Do you like Australian DJ, singer and dancer Havana Brown? Will you will be attending Affiliate Summit in Philadelphia August 18-20? Then you might be interested in knowing Brown, whose hit, We Run the Night, topped the US Hot Dance Club Songs chart and hit number 26 on the U.S Billboard 100, will perform at the Clickbooth/MaxBounty/CPAWay Affiliate Nation party Monday, August 19.
The party will take place from 9PM to 1AM at Lit which is located at 460 North 2nd Street. Along with Brown, there will be dancers, performers and, of course, the all important open bar. We will be there taking picture of all the pretty people so don't be shy. Find the guy with the camera and give him your best duck face!
Wanna go? RSVP here.
Well this is meta. A new ad, created by North 40 Productions, for the Bavarian village of Leavenworth, WA -- which perviously strutted out a collection of bodacious hip hop hotties, along with spokes-creature Woody Goomsba to tout the destination -- is out with an ad that has Travelocity's Gnome and Geico's Gecko chasing down Goomsba in a James Bond-ish boat chase epic.
When Leesa Eichberger took the CMO role at Jenny Craig several months ago, she said the dieting space is a sea of sameness. Which was born out by the fact many Jenny Craig customers though Jennifer Hudson was the brand's spokesperson when, in fact, it was Mariah Carey.
No brand wants confusion when it comes to customers and prospects recalling its brand or brand messaging. Though, apparently, that's what was happening with Jenny Craig. So in a move to eliminate confusing, Eichberger says we won't be seeing Mariah Carey, or any celebrities for the matter, in the brand's advertising.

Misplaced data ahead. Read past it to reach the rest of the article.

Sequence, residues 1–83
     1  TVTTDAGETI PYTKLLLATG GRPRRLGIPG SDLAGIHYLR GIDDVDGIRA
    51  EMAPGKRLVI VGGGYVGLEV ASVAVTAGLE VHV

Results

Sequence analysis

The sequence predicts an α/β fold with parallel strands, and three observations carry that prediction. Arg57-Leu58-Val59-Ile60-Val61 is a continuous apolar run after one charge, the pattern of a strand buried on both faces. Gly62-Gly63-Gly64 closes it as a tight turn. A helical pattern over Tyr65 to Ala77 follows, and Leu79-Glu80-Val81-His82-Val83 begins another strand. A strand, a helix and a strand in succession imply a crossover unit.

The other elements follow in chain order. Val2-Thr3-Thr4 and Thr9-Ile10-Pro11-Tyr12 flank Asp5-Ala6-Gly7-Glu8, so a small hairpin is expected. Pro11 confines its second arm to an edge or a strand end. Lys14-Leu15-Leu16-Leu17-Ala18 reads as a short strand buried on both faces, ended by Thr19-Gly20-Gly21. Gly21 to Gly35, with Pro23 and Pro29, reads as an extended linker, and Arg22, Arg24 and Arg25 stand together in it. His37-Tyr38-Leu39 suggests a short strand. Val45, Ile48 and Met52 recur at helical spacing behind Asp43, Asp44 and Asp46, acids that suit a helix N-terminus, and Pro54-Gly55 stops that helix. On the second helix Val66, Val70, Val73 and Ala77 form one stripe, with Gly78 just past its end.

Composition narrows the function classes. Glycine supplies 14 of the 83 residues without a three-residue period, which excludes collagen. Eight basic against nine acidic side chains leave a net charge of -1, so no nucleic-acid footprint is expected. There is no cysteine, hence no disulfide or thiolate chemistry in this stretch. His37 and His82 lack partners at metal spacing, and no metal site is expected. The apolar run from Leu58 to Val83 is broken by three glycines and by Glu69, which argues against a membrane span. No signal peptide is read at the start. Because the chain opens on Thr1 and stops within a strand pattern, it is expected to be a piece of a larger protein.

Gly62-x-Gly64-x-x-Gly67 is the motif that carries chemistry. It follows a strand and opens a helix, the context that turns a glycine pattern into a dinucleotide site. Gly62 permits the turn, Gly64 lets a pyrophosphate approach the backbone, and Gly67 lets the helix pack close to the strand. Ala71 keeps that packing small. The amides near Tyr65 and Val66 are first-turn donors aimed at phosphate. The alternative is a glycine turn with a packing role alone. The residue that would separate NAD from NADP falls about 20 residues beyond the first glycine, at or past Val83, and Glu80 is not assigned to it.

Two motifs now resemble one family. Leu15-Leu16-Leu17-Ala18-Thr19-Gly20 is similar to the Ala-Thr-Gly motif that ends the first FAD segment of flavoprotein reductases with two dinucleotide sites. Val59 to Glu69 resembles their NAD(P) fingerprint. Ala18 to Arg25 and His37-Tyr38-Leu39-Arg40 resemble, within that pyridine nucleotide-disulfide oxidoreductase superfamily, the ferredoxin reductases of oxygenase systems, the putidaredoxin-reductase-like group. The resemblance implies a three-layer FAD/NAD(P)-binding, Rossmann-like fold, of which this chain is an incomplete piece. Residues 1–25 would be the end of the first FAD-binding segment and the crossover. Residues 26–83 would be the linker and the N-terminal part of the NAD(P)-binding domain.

While it could maybe/possibly/probably be true that a person who sent pictures of his erect penis to younger woman could seemingly compartmentalize all that illicit behavior to successfully function as mayor of a major American city, the likelihood of that person serving without ridicule and shame is, at best, unlikely.
But Anthony Weiner refuses to give up. And, today, he's launched his first television commercial in support of his bid to become Mayor of New York City.The ad spend is said to be close to $500,000.
It's just really hard to fathom that Robert Downey Jr. used to be a drugged out, has-been actor on the brink of death. The dude truly has become the Iron Man. His latest commercial outing, aside from his many successful films, is a two year deal with HTC that will place Downey front and center in a new campaign for the brand, launching August 15, that will playfully endeavor to define what HTC stands for.
Hey, we didn't lie. The top of the alien's head is, well, topless, right? Anyway, here is a really goofy new commercial for Budget Direct, an Australian car insurance company that used to have an equally goofy commercial that featured a woman singing about Budget as if it were the Tar-Jay of car insurance.
The new commercial, created by Hulsbosch, is just like the old one. It features an alien doing the Tar-Jay/Boo-Jay thing just like the woman in the original. Why the shift to aliens? We have no earthy (or galactic) idea. All we can figure is the creatives were bored and just finished watching a cheesy 1950s sci-fi movie. Goofy seems to be the overriding vision and mission of Budget Direct so we guess the new commercial does the brand justice.
Just over a month ago, the world's advertising industry descended upon Cannes, France, for its annual Festival of Creativity. At this event, agencies the world over are awarded for their creativity and, in a few small cases, for work that actually increased sales.
Cannes of course, is but one of many advertising awards festivals that occur over the course of the year. But it's the biggest, the brightest and the most coveted of all. Certainly much of the entered and winning work is worthy of praise. And certainly the individuals behind the work deserve to have the spotlight shown on them in the presence of their colleagues, coworkers and friends. But...do awards matter?
By matter, I mean a few things. Do awards generate business for the agency? Do they further the career of the individual creative? Do they positively affect the brand for which the agency won the award? Are they a metric a brand can use to determine the capability of an agency? For an article I wrote for Central Desktop, I turned to a few in the industry to help answer these questions.